How to Perform One-Way ANOVA in R (With Example Dataset)

Renesh Bedre    3 minute read

The one-way ANOVA (Analysis of Variance) is used for determining statistical differences in more than two groups by comparing their group means.

The one-way ANOVA is also known as one-factor ANOVA as there is only one independent variable (factor or group variable) to analyze.

A one-way ANOVA tests the null hypothesis that group means are equal against the alternative hypothesis that group means are not equal (i.e. there is a significant difference between at least one group and the others).

You can use following code to perform one-way ANOVA in R:

# model
model <- aov(y ~ x, data = df)

# view ANOVA summary


Parameter Description  
y Response variable (should be continuous variable)  
x Group variable  
df Data frame containing the group and response variable  

The following example illustrates how to use one-way ANOVA for analyzing the group differences.

How to Perform One-Way ANOVA in R

For example, a researcher wants to analyze whether plant height differs among plant genotypes. The researcher collects plant height data for four plant genotypes.

The researcher have following Null and Alternative hypotheses:

Null Hypothesis: The plant height is equal among plant genotypes i.e. the mean of plant height is equal
Alternative hypothesis: The plant height is not equal among plant genotypes i.e. the mean of plant height is significantly different

Here, the alternative hypothesis is two-side as the plant height can be lesser or greater in one plant genotype than in another genotypes.

The following ANOVA code shows how to perform one-way ANOVA in R:

Load and view the dataset,

# load dataset
df <- read.csv("")

# view five rows of data frame

  genotype height
1        A      5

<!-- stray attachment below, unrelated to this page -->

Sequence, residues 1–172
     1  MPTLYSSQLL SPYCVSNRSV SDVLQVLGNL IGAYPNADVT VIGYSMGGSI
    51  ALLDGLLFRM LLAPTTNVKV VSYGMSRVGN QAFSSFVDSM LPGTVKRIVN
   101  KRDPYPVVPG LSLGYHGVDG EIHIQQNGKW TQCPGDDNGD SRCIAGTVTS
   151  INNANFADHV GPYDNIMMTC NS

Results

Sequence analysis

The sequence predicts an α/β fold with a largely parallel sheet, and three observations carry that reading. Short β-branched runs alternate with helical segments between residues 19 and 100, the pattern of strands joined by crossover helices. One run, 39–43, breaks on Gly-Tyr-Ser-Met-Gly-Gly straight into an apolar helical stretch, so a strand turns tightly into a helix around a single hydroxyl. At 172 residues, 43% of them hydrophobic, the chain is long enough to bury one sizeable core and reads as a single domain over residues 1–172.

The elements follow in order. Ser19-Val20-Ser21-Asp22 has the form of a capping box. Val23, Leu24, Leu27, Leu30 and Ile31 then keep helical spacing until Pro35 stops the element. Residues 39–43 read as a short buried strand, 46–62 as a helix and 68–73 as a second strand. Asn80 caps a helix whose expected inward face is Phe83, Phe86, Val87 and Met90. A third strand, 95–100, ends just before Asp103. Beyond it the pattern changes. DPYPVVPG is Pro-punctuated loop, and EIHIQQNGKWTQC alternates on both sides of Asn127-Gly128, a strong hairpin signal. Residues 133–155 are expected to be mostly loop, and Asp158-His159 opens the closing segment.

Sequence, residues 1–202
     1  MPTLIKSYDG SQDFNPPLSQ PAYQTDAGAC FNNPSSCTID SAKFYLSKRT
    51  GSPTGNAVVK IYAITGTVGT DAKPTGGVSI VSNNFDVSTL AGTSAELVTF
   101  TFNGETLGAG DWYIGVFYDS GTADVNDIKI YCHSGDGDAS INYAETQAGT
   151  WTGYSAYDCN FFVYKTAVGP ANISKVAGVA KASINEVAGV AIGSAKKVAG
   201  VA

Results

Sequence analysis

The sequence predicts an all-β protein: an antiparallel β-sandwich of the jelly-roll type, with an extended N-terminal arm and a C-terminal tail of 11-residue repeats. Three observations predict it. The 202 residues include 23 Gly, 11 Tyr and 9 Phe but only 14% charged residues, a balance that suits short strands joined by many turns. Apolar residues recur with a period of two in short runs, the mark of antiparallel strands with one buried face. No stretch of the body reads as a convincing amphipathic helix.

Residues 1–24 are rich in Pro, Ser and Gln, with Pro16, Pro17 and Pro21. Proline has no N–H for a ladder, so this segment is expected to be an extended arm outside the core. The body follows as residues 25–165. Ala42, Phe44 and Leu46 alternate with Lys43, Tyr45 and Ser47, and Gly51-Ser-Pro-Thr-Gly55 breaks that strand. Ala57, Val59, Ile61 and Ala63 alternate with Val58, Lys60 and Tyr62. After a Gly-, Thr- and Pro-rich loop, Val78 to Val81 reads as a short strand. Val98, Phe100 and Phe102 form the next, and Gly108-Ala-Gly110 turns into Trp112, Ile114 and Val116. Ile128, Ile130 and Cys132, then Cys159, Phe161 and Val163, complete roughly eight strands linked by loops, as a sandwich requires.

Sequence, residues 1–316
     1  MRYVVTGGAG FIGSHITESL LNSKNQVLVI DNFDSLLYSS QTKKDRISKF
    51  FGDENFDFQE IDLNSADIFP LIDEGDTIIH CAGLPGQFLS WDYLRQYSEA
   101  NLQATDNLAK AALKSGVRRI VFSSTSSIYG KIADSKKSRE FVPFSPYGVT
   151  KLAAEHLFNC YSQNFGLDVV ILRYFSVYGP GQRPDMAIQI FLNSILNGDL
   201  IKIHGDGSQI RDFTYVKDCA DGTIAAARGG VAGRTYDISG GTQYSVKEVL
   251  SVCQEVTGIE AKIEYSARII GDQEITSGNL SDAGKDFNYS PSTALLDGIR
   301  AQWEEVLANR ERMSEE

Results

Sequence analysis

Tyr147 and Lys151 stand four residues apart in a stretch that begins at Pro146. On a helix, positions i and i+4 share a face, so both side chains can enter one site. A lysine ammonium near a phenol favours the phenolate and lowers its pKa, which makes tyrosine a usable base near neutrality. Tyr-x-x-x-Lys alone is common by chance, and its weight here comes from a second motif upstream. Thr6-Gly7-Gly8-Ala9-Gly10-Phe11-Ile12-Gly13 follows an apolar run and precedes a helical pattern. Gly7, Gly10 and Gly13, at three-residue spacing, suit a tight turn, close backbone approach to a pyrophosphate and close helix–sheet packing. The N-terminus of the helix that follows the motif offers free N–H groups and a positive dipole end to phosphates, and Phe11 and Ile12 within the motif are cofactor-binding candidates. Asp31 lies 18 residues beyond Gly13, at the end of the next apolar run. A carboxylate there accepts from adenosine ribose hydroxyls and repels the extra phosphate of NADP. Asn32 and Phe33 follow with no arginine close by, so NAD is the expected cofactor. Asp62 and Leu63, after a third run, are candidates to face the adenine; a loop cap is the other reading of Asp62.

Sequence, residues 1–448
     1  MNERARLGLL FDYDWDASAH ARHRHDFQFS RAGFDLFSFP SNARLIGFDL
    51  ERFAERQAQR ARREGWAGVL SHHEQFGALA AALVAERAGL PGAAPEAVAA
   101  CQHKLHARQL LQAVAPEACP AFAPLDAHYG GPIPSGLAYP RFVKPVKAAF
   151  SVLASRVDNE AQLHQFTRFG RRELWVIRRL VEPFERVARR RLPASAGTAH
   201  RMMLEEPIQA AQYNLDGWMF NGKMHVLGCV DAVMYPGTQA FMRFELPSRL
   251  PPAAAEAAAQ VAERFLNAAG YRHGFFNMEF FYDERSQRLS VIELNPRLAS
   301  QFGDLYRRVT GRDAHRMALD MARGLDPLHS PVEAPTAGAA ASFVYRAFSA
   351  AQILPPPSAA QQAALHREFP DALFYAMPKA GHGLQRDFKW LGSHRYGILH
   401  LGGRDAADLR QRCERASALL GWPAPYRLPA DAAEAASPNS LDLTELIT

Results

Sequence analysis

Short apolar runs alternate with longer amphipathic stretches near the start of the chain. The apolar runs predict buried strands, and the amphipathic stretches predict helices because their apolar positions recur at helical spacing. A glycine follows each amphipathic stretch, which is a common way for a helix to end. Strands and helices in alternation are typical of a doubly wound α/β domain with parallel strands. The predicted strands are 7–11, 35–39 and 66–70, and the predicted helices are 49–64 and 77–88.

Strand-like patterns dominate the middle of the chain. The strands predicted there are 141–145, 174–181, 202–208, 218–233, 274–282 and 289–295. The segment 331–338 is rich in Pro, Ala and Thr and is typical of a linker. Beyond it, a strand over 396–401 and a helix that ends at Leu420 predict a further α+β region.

2        A      6
3        A      7
4        A      8
5        A      8
6        B     12

Check descriptive statistics (mean and variance) for each plant genotype,

# load package

# get descriptive statistics
df  %>% group_by(genotype) %>% summarise(mean = mean(height), var = var(height))

# A tibble: 4 × 3
  genotype  mean   var
  <fct>    <dbl> <dbl>
1 A          6.8   1.7
2 B         13.6   2.3
3 C          7     3.5
4 D          7.2   1.7

From the descriptive statistics, we can see that plant height is highest for genotype B and lowest for genotype A. The variance is a roughly similar for all genotypes.

Now, we will perform a one-way ANOVA to check whether these differences in plant height are statistically significant.

Perform a one-way ANOVA and summarise the results using summary() function,

# fit model
model <- aov(height ~ genotype, data = df)

# summary statistics

            Df Sum Sq Mean Sq F value   Pr(>F)    
genotype     3  163.8   54.58   23.73 3.93e-06 ***
Residuals   16   36.8    2.30                     
Signif. codes:  0 *** 0.001 ** 0.01 * 0.05 . 0.1   1

The one-way ANOVA analysis reports the following important statistics for interpretation,

Parameter Value  
F 23.73  
p value 3.93e-06  
Degree of freedom 3 and 16  

According to the one-way ANOVA results, the p value is significant [F(3, 16) = 23.73, p < 0.05]. Hence, we reject the null hypothesis and conclude that plant height among genotypes is significantly different.

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